Cascading experiences of victimisation through the life-course may put individuals at particular risk for poor health and social outcomes. According to the stress sensitisation hypothesis, individuals with stressful experiences such as maltreatment in early life may be particularly vulnerable to poor health when confronted by new experiences of stress later in the life-course [7]. As such, the risk of further victimisation after maltreatment in the current study points to experiences of multiple forms of stress through the life-course that are potentially particularly threatening to health, and may have clinical implications for people suffering violence across these multiple contexts [27].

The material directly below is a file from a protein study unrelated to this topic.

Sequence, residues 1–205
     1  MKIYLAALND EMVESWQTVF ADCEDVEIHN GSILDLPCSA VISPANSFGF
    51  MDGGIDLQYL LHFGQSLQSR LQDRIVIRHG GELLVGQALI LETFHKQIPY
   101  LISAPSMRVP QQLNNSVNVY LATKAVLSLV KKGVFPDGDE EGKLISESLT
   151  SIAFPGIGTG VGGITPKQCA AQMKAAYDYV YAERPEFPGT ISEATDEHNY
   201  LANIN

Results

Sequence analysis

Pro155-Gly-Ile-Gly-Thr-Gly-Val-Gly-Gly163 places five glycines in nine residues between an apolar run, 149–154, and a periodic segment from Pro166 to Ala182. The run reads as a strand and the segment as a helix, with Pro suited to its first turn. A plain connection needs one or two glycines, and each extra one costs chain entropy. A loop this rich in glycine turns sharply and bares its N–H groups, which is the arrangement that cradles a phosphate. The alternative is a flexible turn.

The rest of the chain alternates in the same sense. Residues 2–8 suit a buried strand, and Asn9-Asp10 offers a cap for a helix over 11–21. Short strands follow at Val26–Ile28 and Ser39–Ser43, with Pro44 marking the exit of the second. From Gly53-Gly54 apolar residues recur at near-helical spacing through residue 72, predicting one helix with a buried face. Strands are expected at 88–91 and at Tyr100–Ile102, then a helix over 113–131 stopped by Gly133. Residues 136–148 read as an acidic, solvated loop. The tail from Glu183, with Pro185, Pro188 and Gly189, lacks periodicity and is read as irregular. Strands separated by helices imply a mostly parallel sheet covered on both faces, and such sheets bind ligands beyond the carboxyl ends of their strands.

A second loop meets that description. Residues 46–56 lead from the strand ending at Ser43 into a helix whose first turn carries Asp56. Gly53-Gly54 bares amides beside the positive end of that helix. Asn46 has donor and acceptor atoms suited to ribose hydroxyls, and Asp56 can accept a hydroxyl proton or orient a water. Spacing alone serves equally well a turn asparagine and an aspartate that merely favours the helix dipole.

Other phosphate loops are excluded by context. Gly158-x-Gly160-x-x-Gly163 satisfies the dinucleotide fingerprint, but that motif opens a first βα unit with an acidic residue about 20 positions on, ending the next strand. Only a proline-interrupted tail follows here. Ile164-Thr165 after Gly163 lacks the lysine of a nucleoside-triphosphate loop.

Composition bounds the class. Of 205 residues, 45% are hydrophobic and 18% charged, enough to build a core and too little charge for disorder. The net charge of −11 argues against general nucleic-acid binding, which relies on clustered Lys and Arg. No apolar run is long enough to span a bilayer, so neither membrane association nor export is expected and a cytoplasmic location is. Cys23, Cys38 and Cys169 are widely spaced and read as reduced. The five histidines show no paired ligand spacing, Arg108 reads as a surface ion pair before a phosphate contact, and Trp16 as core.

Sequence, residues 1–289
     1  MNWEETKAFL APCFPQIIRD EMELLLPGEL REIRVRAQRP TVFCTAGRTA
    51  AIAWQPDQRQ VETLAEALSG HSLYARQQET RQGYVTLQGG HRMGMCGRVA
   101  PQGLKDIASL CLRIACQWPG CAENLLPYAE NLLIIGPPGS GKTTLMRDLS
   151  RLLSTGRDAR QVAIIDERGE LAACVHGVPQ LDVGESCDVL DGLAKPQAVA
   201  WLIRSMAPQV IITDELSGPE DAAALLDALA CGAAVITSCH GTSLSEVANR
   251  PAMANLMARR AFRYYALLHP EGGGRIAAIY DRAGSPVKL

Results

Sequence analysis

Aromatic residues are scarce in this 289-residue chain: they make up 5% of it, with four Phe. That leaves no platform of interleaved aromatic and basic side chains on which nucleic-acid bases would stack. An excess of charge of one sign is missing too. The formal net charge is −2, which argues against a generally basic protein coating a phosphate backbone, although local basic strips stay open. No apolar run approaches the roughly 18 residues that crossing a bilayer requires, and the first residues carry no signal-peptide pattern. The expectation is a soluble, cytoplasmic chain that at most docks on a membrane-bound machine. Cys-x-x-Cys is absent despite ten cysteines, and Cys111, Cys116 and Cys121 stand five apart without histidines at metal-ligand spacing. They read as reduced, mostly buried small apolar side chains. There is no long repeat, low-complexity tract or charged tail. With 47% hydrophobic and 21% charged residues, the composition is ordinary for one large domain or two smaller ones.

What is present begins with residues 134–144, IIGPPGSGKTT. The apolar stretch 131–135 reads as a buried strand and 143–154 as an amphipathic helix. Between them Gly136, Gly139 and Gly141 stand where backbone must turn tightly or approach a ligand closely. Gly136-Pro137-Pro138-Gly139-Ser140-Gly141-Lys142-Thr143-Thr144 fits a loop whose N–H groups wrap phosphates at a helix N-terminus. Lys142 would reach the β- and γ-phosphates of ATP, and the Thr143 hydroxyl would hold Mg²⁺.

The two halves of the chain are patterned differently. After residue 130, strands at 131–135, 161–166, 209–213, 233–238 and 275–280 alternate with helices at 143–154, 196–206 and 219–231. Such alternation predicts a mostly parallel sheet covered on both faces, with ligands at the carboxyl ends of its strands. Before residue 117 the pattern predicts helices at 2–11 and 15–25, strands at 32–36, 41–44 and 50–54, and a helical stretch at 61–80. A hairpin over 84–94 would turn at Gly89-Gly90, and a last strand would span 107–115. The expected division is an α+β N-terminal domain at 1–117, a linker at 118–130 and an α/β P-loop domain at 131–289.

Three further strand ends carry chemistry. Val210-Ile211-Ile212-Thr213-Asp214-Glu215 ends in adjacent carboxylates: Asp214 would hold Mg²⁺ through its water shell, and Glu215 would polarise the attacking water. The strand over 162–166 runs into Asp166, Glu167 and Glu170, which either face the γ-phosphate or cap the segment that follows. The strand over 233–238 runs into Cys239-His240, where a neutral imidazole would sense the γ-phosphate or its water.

In the current study, females were more exposed to any child maltreatment, as well as family violence in young adulthood, consistent with studies across many other populations [26, 28,29,30]. Violence against girls and women, especially in the family environment, is a major public health and human rights problem [31]. Worldwide, it is estimated 30% of women are exposed to lifetime violence perpetrated by intimate partners, or sexual abuse, although rates vary according to the country and the methodology applied [32]. A culture of machismo in Latin America is still a critical issue to address in preventing violence against women in this region, as well as empowering women, and reinforcing laws to combat violence against women [33]. Like in other studies [34,35,36], young men in this population were at greater risk of exposure to community victimisation, which is consistent with Brazilian official statistics showing that the highest rates of mortality caused by violence (homicides) are among young men aged 15–29 years [37]. While sex differences in health and social exposures across the life-course are deeply complex phenomena, relating to cultural, social and biological processes, the higher rate of exposure to community violence among young men may be understood partly in relation to a higher likelihood that young men are involved in risky activities in the community environment, including perpetration of crime and violence, as local epidemiological studies have reported [38, 39]. Gender studies also reveal processes of violence socialization among boys as they seek to confirm a masculine identity, leading them to become more frequently involved in risky situations leading to higher rates of community victimisation and early mortality, and that these issues are exacerbated by social inequalities in Brazil [40, 41].